There are three phases of the Pagan Goddess. They are the Maiden, the Mother, and the Crone. These stages also hold true to woman everywhere. Even if a woman doesn’t have any children, she still has a child rearing age. There is a ceremony to welcome a woman into the Crone phase of her life. This is called a Croning Ceremony. Every Bangor area Pagan, who is switching phases from Mother to Crone, should have her own Croning ceremony.
Throughout history the Croning Ceremony was done after the woman has gone through menopause. It was done to show that she was proud of her aging process. She had become a wise woman. It was time for her to share the knowledge she gained throughout he life with others. The Crone had lived through the other phases of life and was ready to age gracefully and take on what was to come. For many Pagan females, the Croning ceremony is still done for the same reasons.
Today, there are other times throughout a woman’s life when she chooses to have a Croning Ceremony. A woman may choose to have a ceremony after her last child leaves home, if she changes her career, if she ends a long term relationship, or any big life changing experience.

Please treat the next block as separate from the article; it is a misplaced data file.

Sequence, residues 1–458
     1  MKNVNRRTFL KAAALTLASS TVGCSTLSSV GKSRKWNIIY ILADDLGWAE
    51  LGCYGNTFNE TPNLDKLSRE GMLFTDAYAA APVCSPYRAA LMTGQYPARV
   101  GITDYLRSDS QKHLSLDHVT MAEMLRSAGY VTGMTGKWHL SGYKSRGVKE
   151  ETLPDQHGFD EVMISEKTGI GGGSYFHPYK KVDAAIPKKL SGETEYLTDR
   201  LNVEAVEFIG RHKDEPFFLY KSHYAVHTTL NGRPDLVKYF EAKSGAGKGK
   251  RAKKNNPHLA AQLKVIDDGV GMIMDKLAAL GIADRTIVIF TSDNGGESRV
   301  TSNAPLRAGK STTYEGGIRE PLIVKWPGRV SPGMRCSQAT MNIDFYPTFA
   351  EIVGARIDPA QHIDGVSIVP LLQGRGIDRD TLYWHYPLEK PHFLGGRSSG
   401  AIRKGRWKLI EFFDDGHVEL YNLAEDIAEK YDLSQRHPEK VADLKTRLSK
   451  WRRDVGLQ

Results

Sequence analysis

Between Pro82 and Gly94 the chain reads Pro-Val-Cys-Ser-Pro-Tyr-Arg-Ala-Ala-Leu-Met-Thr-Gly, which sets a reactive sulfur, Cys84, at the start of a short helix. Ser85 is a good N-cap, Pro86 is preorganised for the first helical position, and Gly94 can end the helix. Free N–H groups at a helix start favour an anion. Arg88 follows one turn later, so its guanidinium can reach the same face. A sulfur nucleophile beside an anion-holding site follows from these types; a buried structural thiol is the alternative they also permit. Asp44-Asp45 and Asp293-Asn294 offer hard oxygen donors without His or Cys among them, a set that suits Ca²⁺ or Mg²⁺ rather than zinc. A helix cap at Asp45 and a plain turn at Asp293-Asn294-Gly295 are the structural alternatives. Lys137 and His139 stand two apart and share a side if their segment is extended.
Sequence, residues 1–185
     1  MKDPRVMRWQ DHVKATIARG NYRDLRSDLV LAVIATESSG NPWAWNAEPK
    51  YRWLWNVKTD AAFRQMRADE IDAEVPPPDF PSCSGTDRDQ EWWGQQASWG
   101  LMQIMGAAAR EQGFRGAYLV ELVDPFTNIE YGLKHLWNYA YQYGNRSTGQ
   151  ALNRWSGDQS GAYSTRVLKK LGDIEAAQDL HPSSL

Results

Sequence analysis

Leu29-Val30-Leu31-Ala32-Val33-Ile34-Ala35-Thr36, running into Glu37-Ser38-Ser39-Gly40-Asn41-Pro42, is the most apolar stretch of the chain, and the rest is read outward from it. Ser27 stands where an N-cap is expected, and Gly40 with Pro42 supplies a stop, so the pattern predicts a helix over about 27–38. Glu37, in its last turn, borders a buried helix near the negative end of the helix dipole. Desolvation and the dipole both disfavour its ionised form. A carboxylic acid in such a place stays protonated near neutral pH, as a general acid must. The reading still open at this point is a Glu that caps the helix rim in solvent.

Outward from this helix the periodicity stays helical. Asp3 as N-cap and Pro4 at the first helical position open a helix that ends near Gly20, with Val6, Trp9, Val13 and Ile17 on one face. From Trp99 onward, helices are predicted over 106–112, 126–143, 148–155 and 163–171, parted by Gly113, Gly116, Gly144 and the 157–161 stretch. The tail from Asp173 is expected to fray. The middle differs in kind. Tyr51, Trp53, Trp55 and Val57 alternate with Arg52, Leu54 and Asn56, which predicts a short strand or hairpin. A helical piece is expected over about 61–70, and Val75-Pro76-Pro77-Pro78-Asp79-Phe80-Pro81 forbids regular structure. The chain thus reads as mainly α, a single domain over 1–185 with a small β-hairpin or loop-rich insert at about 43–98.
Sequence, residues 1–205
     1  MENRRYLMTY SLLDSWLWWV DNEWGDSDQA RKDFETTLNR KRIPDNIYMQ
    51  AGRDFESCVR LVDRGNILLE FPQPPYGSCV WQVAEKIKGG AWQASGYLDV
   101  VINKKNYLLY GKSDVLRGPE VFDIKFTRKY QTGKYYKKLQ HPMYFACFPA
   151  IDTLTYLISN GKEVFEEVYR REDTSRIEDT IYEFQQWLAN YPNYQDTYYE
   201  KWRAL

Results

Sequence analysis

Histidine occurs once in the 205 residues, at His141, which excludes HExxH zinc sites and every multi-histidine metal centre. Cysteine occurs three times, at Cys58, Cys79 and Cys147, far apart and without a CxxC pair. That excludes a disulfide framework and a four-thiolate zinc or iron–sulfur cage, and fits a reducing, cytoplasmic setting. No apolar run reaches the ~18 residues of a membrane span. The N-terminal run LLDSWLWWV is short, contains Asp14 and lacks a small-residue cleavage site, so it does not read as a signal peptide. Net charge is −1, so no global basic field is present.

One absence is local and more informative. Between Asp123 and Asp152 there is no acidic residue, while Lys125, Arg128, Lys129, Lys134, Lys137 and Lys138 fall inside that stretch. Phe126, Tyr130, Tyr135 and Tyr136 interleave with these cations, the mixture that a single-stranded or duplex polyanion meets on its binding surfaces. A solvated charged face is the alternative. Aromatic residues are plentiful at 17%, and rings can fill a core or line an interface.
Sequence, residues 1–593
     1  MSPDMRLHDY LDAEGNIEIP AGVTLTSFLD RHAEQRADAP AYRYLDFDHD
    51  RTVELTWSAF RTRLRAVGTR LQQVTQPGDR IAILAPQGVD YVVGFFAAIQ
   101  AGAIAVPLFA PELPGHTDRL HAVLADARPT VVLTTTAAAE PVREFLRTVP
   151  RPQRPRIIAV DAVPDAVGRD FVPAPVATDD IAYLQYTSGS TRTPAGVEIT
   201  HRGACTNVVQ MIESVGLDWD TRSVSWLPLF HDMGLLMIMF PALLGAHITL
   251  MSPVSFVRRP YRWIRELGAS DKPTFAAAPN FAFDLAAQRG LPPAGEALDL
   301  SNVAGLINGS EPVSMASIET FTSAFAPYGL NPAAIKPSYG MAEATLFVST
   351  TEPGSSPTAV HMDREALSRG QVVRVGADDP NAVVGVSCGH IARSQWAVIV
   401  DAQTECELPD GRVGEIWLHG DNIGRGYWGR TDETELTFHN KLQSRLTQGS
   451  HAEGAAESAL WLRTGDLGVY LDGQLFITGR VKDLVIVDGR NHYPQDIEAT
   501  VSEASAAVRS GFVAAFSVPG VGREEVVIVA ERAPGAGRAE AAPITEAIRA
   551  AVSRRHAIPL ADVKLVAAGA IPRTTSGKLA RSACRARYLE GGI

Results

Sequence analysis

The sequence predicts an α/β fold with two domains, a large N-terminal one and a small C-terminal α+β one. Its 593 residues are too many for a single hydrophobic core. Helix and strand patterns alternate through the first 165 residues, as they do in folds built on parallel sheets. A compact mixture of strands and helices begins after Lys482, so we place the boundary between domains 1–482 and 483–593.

The Croning ceremony is usually performed by a High Priestess, but can be performed by any woman who has reached Crone status. It is common for the female to have a ritual bath before the ceremony. It is typically done during a Women’s Circle, Esbat, or Sabbat. Croning Ceremonies may consist of the following:
- Singing, chanting, and dancing.
- The Crone may choose a new name
- A feast
- Guided meditation
- Giving gifts
- The telling of that females story
- Crossing a ceremonial threshold into Cronehood
- Calling the quarters and invoking a triple Goddess